Hard to Believe… « Arthur Morris/BIRDS AS ART

Hard to Believe...

The Streak Continues: 227

This post was published just before 5:30am from Rockville, Center, Long Island, NY as Denise and I got ready for the first morning of the Nickerson Baby Beach Nesting Birds IPT. This post, which took me about 2 hours to prepare, marks 227 consecutive days with a new educational blog post. With so many folks getting in the habit of using our B&H links and our Amazon logo-links, why quit now? April, May, June, and July have been fantastic as lots of folks are getting the message; using my affiliate links does not cost you a penny and helps support my efforts here. To show your appreciation, I do ask that you use our B&H and Amazon affiliate links on the right side of the blog for all of your purchases. Please check the availability of all photographic accessories in the BIRDS AS ART Online Store, especially Gitzo tripods, Wimberley tripod heads, and the like. We sell only what I have used and tested, and know that you can depend on. We will not sell you junk. We know the tools that you need to make creating great images easy and fun. And we are always glad to answer your gear questions via e-mail.

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This head portrait of an Atlantic Puffin was created on the UK Puffins and Gannets IPT with the Gitzo 3532 LS carbon fiber tripod, the Mongoose M3.6 head, Canon EF 200-400mm f/4L IS USM lens with Internal 1.4x Extender (with the internal extender in place), the Canon Extender EF 1.4X III (at 681mm) with the Canon EOS-1D X . ISO 400. Evaluative metering +1 1/3 stops as framed in cloudy bright conditions: 1/200 sec. at f/11 in Av mode. White Balance = AWB.

Central Sensor/Surround/AI Servo-Rear Focus AF on the yellow tubercle was active at the moment of exposure. Click here to see the latest version of the Rear Focus Tutorial. Click on the image to see a larger version.

Hard to Believe…

It is hard to believe that the two images presented here today were created with the same lens; the versatility of the 200-400 with internal extender is unmatched when working with relatively tame birds or large mammals. Which image do you think that I created first?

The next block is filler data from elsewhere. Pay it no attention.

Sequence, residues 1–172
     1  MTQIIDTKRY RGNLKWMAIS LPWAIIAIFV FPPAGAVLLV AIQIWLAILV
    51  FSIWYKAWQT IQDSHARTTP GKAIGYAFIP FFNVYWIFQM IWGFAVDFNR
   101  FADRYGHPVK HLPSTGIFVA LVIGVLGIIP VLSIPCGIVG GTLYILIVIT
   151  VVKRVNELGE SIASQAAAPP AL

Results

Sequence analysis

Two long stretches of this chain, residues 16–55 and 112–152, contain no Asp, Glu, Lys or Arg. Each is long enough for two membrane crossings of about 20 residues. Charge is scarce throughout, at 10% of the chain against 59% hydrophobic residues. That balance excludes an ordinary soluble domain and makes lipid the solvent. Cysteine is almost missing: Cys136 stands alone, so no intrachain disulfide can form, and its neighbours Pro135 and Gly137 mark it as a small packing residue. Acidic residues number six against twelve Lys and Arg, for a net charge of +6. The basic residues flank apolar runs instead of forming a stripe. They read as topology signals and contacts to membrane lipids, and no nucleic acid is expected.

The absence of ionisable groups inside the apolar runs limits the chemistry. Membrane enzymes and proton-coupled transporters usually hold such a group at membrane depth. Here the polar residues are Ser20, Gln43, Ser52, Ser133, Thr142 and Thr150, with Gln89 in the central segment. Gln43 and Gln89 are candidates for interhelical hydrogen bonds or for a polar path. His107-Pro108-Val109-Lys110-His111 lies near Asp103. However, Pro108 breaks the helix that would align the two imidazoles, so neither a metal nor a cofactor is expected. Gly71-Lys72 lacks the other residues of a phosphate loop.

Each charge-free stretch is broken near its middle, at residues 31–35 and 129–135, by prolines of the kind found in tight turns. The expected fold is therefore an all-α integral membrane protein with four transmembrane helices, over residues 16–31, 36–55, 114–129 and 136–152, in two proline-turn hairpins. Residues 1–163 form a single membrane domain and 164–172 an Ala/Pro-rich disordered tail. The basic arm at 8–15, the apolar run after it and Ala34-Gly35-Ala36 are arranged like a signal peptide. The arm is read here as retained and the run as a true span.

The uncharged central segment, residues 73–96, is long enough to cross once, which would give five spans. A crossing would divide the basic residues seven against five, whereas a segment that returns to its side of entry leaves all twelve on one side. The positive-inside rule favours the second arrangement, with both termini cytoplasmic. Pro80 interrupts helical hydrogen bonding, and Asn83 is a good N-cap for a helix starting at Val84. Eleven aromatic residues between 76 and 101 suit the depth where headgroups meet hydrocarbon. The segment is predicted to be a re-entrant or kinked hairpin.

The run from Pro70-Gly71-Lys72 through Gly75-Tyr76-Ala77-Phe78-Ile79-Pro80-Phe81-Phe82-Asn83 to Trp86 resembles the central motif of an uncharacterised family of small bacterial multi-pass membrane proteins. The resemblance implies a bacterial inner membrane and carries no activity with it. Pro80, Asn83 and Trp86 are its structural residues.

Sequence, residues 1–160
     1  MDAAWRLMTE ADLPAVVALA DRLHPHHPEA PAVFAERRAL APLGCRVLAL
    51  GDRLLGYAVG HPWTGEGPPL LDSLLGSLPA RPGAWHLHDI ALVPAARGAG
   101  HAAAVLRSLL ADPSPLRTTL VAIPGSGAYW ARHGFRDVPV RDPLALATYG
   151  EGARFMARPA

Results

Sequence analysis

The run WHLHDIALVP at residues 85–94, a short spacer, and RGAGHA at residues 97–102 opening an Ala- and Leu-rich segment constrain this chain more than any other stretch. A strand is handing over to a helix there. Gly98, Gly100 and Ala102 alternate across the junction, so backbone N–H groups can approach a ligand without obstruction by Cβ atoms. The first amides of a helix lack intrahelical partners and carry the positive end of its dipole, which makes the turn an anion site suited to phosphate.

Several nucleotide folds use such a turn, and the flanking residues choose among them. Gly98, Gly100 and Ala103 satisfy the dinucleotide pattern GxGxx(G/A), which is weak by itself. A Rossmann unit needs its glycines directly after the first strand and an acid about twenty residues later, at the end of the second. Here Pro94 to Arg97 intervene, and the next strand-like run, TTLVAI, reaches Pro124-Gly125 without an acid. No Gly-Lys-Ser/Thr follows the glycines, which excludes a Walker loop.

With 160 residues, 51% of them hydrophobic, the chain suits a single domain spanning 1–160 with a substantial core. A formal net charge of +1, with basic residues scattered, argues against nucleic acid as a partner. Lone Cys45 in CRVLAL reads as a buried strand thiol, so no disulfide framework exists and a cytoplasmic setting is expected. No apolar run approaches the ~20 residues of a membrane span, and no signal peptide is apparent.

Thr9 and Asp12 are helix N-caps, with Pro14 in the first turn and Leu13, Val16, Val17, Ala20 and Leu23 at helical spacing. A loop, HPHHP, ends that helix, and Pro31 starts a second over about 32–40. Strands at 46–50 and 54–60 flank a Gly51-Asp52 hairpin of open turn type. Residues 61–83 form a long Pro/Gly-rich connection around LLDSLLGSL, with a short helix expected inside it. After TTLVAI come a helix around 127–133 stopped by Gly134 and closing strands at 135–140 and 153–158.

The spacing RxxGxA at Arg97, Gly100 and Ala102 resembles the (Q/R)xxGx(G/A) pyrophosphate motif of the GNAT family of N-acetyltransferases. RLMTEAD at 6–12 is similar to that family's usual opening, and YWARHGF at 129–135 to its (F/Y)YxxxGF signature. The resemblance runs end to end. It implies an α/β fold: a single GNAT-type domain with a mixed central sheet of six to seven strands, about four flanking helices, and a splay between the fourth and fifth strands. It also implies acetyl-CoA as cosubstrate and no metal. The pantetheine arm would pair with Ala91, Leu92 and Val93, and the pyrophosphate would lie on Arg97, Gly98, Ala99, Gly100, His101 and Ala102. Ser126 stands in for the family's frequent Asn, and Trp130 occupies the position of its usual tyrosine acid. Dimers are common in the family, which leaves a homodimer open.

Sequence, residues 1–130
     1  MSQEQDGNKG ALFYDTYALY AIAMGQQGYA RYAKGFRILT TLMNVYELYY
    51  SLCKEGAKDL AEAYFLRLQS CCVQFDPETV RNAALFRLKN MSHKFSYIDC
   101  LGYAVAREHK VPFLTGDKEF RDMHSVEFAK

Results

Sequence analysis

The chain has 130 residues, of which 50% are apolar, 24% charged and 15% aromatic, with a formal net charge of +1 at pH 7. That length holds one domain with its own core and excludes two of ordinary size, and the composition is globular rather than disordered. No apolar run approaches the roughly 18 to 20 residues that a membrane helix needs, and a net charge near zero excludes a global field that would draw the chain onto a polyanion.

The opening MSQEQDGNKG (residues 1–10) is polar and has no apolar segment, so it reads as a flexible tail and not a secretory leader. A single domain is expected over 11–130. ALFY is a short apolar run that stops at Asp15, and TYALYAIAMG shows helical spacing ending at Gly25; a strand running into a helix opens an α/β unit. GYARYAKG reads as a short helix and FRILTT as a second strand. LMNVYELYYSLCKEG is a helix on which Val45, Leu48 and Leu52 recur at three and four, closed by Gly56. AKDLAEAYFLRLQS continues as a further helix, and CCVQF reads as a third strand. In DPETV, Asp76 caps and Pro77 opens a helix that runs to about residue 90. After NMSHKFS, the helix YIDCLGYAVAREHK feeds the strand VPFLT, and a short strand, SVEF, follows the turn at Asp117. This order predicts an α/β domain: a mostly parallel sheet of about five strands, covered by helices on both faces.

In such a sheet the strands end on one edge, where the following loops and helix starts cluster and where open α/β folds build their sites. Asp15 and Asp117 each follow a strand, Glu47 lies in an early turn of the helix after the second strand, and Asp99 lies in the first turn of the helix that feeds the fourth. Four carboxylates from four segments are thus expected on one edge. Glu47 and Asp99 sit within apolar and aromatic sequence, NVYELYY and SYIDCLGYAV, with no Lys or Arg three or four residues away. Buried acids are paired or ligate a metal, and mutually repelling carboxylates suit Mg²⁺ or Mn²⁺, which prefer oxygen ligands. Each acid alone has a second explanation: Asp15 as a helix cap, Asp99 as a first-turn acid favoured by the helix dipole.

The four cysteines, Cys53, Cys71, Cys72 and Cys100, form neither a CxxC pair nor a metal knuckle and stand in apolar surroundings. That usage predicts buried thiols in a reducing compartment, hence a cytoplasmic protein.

This Atlantic Puffin image (I am pretty sure that it was the same bird or possibly one of two on the same rock) with the Gitzo 3532 LS carbon fiber tripod, the Mongoose M3.6 head, Canon EF 200-400mm f/4L IS USM lens with Internal 1.4x Extender at 214mm) and the Canon EOS-1D X. ISO 400. Exposure extrapolated from the previous exposure: 1/800 sec. at f/11 in Manual mode. White Balance = AWB.

One sensor to the left of the central Sensor/Surround/AI Servo-Rear Focus AF on neck band was active at the moment of exposure. Click here to see the latest version of the Rear Focus Tutorial. Click on the image to see a larger version.

Photoshop Hanky Panky?

After enlarging each image by clicking on it, let us know if you can detect anything screwy that was done to either image (or to both) in Photoshop. Did I replace a head? An eye? Did I remove a band or a bird?

The Stronger Image?

Please take a moment to leave a comment and let us know which of the two puffin images you like best, the tight head portrait or the wide image of the whole bird on the rock. And do let us know why.

Do you like the out-of-focus puffin bill in the first image?

The 2015 UK Puffins and Gannets IPTs

Our first UK Puffins and Gannets IPT was so amazingly productive and so much fun that by the 2nd afternoon Denise and I had already decided to return in very early July 2015. In addition, we may run the first-ever Ireland Puffins and Gannets IPT the week before. If you are interested in receiving early notice for either or both of these great trips, please shoot me an e-mail with the words “2015 Puffins and Gannets IPTs” cut and pasted into the Subject line.


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28 comments to Hard to Believe…

  • avatar Naveena